His body was listing, the slant of the earth begging him to descend, further from the noise, further from the heat. Heat blaring like a jet engine, unbearably loud and buffeting. But lower was cooler, cooler and quieter, and he followed it. Attempting to see made him angry, frustrated and terrified, so he closed his eyes against the light and lowered his face to the grass. Abruptly, like a mountain, or a stone to an ant, something rose before him solid and punishing to his hands crashing into it and scraping on its sides. More concrete. A curb. Not a mountain, then.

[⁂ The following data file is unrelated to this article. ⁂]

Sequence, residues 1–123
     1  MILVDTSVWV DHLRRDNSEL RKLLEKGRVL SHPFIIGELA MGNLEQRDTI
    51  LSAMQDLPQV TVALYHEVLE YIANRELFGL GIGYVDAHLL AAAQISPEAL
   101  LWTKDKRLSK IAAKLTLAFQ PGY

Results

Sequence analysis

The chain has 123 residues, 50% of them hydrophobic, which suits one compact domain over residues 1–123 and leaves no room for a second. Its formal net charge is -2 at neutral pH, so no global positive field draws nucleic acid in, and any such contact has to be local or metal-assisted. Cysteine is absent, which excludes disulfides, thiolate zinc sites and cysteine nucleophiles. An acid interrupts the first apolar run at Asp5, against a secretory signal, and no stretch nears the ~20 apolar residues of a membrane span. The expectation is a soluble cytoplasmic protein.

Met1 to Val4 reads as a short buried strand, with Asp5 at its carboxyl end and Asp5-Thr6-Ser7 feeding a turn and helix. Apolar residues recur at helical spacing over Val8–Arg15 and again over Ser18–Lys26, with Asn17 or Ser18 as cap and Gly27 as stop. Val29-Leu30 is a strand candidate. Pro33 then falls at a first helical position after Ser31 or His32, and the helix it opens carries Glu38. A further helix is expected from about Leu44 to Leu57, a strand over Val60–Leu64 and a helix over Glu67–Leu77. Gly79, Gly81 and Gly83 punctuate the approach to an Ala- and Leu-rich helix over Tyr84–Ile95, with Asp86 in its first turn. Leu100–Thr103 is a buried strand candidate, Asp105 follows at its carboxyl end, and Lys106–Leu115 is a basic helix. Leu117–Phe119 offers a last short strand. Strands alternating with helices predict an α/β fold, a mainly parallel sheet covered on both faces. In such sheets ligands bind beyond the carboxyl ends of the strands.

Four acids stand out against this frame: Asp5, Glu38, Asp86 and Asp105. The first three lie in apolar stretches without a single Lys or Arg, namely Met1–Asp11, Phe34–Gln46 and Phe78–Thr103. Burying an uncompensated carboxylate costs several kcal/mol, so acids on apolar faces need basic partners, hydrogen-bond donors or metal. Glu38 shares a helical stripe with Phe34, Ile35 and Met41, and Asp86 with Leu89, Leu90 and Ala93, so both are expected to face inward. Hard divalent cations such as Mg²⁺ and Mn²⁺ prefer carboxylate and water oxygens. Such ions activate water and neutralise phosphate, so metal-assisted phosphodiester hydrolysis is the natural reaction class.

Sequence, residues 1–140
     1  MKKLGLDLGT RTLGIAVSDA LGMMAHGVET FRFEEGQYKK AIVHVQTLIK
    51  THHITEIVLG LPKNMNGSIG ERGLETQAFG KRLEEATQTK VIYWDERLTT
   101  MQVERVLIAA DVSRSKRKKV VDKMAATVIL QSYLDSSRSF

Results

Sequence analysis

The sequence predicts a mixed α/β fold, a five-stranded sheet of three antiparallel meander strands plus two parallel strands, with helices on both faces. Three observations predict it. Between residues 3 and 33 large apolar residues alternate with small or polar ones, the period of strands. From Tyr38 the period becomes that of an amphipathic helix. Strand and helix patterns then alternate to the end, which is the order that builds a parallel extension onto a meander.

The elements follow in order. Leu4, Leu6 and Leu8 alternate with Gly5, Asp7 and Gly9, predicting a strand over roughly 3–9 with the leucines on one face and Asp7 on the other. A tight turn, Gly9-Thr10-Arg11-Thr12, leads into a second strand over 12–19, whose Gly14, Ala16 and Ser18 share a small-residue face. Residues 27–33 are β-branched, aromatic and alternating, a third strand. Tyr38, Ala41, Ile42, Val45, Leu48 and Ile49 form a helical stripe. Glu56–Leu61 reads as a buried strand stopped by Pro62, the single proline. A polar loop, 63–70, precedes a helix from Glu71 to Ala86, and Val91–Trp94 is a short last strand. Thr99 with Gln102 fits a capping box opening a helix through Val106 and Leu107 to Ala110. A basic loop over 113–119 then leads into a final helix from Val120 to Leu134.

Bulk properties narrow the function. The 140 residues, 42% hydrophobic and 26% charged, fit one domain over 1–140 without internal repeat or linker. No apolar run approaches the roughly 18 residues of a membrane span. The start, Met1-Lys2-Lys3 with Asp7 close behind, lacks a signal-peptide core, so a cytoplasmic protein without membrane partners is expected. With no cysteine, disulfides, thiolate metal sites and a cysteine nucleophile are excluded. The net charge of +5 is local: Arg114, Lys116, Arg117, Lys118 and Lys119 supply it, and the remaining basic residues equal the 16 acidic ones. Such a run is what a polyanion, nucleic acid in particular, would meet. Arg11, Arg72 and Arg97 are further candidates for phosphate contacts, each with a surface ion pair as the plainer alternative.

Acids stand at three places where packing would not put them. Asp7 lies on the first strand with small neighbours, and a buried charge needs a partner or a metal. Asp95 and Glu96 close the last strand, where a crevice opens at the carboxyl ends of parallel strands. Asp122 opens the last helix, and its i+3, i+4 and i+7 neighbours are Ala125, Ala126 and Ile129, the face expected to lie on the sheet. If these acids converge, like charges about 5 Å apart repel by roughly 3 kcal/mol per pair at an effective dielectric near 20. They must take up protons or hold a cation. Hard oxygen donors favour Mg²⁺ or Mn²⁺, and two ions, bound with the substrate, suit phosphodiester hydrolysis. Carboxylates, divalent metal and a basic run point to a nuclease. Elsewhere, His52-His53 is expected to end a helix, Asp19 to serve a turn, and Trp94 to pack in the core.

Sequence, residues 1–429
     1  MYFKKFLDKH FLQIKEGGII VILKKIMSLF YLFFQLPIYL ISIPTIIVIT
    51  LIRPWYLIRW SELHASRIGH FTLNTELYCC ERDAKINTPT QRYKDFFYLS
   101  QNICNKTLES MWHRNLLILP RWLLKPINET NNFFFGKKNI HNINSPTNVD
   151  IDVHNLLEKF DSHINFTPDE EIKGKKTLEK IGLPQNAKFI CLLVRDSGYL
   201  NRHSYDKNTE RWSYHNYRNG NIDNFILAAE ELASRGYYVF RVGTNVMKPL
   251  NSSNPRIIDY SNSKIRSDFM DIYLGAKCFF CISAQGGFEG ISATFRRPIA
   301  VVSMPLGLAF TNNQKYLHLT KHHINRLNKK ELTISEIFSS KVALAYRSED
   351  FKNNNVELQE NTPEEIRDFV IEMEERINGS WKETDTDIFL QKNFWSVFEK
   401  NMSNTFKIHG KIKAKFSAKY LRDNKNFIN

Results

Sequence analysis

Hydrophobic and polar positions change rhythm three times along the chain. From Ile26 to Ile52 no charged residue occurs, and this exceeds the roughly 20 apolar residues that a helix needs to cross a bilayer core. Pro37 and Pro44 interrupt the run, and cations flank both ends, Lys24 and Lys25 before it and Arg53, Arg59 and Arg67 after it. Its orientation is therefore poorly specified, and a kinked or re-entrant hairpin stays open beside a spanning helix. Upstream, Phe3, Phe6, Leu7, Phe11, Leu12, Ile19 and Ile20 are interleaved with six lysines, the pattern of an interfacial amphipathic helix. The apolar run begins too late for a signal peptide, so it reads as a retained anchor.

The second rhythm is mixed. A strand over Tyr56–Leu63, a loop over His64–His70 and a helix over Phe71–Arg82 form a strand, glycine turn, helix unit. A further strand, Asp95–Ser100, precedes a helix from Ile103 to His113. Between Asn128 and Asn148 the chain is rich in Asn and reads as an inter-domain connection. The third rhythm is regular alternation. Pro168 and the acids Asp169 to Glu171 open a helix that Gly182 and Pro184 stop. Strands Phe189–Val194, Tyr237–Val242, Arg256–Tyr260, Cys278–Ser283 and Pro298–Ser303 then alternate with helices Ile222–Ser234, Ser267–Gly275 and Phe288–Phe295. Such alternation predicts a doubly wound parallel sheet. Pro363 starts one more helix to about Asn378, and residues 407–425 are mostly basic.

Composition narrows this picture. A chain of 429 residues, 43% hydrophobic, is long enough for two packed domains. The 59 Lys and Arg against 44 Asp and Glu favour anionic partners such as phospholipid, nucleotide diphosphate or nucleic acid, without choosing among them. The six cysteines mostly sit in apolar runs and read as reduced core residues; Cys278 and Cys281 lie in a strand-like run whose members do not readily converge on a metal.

He slithered along the curb, keeping it on his left and the chaos, behind him now, on his right. Soon enough, but too close still for the fear of being seen, the curb ended, sloped off to meet his ground. The safety of the ground, the safety of lying down. But he knew he had to move. The thought of escape clamored like a gong inside his head. An effort to open his eyes, squinted shut in pain and struggle, gave him hope. Not everything was a sheet of white. Nighttime. It must be. There was darkness now along the edges, blending inward toward the sunspot at the center of his vision. Dim things and shady made themselves known. An aluminum can. A stick. A rock. Fuzzy and mutated, they were there, and it gave him hope.